Omissions in the Field?

By Laura Vivanco on

I've only just started reading Jonathan Allan's new book, Men, Masculinity and Popular Romance so what follows isn't a discussion of his book. I'm really just using something raised in its first few pages as a starting point for thinking about how we can/should think about omissions. Allan writes that "What this book seeks to consider is whether or not pornography might be a good model through which to theorise and critique representations of gender and sexuality in the popular romance novel" (4) and observes that

Pornography has become a negative rhetorical device that has inhibited - or at least complicated - the study of popular romance and its connections to pornography.

Consider, for example, two recent anthologies on popular romance that barely mention pornography. In New Approaches to Popular Romance Fiction (2012), the word 'porn' appears twice and only in a footnote that references Ann Douglas's 'Soft Porn Culture: Punishing the Liberated Woman' (1980). Likewise, in Romance Fiction and American Culture: Love as the Practice of Freedom? (2016), the word porn does appear [...]. In both volumes, 'pornography' does appear with more frequency; a total of eight times in New Approaches to Popular Romance Fiction (nearly all of which are references) and fourteen times in Romance Fiction and American Culture (half of which are references). Thus, porn/pornography is largely ignored or left untouched in these volumes; it is moved to the notes or treated as the antithesis to popular romance novels. While this can hardly be read as an unquestioned truth about popular romance studies, it does speak to a general anxiety surrounding pornography and suggests that the term is certainly not 'neutral'. There are, of course, numerous other examples that could be called upon; for example, Pamela Regis' agenda-setting A Natural History of the Romance Novel only mentions pornography in passing with reference to Germaine Greer and Ann Barr Snitow. (5)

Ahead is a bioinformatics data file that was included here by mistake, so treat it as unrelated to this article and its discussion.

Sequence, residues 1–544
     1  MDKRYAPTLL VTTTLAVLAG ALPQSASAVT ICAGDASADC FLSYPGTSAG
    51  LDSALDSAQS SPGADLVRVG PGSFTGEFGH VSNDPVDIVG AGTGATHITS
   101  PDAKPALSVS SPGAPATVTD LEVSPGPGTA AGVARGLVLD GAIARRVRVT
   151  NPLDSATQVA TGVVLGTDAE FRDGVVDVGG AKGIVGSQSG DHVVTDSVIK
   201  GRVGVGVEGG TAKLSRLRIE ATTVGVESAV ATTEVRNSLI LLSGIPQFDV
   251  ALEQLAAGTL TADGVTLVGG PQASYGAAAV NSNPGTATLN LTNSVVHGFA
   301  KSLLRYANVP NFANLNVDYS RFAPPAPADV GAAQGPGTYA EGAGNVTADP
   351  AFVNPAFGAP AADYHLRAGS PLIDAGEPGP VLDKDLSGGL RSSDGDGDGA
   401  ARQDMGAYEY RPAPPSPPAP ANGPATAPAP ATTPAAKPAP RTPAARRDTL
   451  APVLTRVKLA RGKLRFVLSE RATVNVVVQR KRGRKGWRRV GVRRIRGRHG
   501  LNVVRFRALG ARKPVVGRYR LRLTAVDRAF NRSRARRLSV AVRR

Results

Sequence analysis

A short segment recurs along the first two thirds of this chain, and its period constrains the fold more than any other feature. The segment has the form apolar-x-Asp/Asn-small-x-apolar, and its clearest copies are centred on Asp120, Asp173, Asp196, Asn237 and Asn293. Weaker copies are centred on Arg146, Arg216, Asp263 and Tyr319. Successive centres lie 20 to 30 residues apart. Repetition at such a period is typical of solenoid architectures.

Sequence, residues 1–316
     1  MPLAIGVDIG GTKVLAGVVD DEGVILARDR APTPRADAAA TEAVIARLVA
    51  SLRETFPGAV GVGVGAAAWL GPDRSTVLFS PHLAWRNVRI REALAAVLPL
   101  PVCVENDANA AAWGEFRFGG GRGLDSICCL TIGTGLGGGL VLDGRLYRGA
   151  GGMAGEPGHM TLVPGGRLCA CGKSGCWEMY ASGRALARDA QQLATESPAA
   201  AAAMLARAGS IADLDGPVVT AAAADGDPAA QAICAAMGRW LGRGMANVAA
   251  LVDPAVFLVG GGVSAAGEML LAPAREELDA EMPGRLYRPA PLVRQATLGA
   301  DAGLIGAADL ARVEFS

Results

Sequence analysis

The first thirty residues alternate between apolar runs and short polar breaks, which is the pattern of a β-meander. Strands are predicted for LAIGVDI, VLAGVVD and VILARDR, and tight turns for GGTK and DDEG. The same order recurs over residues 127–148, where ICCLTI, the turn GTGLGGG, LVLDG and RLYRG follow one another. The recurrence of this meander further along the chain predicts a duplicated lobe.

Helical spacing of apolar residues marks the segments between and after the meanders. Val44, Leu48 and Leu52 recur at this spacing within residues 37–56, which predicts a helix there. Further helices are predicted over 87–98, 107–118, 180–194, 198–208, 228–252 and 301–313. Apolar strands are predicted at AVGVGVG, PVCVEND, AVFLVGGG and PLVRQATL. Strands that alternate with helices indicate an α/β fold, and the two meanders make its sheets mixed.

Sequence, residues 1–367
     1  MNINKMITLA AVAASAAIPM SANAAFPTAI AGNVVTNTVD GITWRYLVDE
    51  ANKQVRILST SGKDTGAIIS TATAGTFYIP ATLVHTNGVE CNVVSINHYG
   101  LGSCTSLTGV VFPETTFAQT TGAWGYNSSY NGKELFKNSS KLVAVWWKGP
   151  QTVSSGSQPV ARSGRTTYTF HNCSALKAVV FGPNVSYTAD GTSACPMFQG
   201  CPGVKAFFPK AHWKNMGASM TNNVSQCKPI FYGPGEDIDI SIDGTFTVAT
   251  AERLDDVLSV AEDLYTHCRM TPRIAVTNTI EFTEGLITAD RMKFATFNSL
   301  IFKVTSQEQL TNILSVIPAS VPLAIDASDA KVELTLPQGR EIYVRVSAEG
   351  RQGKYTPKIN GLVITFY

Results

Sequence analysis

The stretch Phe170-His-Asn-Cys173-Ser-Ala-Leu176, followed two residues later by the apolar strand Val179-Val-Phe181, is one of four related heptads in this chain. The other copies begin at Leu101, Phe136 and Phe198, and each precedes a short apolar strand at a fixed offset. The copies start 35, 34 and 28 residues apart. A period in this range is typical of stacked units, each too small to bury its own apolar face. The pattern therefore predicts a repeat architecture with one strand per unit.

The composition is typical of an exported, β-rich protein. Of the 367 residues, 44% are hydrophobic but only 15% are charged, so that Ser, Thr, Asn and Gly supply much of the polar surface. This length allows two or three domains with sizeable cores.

Later, he states that

what is troubling about [...] romance scholars' attempts to distance themselves from pornography, is that it does nothing to undo the pathologisation of viewers of pornography, who are almost always framed as men (as if women do not also consume porn). If romance scholars want to argue that romance novels are not pornography, then they must do the necessary work of engaging with the pathologising impulses of those who critique pornography. That is, the argument as a whole must be dismantled. (7)

What troubles me here is that an absence of discussion seems to be equated with "attempts to distance themselves from" a topic. Could it not be that there are many different approaches to take to romance, as well as many different areas on which scholars might wish to focus, and that this might well explain the absence? After all, how many romance scholars have discussed romance in the context of crime fiction? Of speculative fiction? Of sports? For that matter, given that romance novels have been compared to valium in terms of their effect on readers' mental health, how many scholars have written about this, and engaged with "the pathologising impulses of those who critique" treatments for mental health? Probably not all that many, but that doesn't necessarily mean that there's "a general anxiety" about these topics and that scholars are trying to distance themselves from them.